No more meeting-cute for romancer Hoag. Here, couples bond over body bags as the author turns her deft hand to a grisly crime thriller, skillfully constructed if less than completely page- turning. In Night Sins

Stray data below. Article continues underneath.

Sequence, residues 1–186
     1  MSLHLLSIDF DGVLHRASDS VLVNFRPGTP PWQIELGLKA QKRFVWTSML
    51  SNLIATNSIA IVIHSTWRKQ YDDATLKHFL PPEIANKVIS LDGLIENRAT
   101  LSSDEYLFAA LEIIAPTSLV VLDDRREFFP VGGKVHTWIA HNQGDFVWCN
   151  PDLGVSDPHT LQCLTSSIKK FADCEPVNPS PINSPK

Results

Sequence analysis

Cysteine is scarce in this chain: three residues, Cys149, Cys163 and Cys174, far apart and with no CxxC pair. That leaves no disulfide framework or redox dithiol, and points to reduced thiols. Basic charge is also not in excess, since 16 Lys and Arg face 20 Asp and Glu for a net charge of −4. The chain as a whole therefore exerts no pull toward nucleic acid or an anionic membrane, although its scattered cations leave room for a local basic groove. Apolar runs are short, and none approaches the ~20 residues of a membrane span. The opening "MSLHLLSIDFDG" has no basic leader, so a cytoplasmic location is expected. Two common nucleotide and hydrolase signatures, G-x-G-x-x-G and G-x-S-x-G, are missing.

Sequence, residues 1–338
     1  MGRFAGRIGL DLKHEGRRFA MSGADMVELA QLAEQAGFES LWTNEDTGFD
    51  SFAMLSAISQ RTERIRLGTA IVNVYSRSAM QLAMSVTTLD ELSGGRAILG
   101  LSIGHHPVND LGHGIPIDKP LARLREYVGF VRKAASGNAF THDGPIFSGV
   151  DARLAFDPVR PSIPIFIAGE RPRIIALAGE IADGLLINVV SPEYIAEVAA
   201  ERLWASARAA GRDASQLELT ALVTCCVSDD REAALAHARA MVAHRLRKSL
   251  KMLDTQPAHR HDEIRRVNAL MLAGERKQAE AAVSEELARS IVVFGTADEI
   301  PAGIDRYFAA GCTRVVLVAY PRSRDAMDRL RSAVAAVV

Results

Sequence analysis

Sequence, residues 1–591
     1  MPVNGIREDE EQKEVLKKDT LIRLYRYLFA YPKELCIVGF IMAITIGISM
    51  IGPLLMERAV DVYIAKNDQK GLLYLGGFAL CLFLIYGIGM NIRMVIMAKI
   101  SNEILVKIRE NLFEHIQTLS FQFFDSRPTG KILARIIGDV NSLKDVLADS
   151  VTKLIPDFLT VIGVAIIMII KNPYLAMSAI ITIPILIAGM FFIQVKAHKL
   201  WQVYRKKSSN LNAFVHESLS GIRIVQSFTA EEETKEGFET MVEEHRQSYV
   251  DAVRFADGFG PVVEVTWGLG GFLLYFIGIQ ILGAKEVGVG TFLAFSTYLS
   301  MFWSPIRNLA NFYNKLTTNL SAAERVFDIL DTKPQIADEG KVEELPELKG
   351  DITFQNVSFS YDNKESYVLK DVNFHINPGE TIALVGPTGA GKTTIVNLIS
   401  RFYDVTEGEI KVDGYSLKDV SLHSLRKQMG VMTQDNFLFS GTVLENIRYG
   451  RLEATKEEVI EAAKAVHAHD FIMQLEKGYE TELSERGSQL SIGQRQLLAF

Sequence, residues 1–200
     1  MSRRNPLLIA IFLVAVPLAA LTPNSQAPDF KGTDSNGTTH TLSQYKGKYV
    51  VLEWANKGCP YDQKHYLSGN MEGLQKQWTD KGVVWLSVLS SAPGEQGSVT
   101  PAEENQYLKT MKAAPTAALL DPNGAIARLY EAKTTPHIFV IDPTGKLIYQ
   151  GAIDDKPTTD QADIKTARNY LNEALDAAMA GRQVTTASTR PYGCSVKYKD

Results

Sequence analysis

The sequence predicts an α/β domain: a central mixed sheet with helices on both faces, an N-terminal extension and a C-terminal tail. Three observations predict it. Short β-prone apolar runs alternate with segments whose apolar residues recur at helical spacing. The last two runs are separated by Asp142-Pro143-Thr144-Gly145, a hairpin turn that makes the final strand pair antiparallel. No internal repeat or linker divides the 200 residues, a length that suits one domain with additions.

(1995), the first of Hoag's two-part combo, hard-nosed agent Megan O'Malley came to rural Deer Lake, Minnesota, fell in love with hard-nosed police chief Mitch Holt, and together with him tracked down Garrett Wright, the evil genius who kidnapped eight-year-old Josh Kirkwood and then beat up Megan, breaking nearly every bone in her hand—at least twice. This time, hard-nosed prosecutor Ellen North, who left the Twin Cities to get away from big-city violence, wants to rescue Josh and prosecute Wright to the full extent of the law. Complicating her case, though, is, first, handsome southerner Jay Butler Brooks, a millionaire author of true-crime novels whose face has been on the cover of People and whose sexy, smoky drawl insinuates itself under Ellen's tough exterior. (Brooks himself has come to Deer Lake to escape his own personal devils and to cash in on a great story, but he'll stay to be redeemed by Ellen's courage and dedication.) The second complication is young Josh himself, who's returned but is too traumatized to testify. Third is Wright's greasy big-time defense attorney, Tony Costello, who used to be Ellen's lover before he betrayed her. Fourth, no one believes that mild-mannered Professor Wright, an acknowledged community good-guy, could have done such a terrible thing. And, finally, someone keeps littering the icy Minnesota landscape with other bodies, including one of another kidnapped boy. After a lot of gut-wrenching dedication by Ellen, Jay, Megan, and Mitch, there's a bloody if positive resolution and both couples limp off into the sunset. This time out, Hoag abandons some of her outrageous romantic style to investigate more serious moral issues. Worthy, but much less fun.
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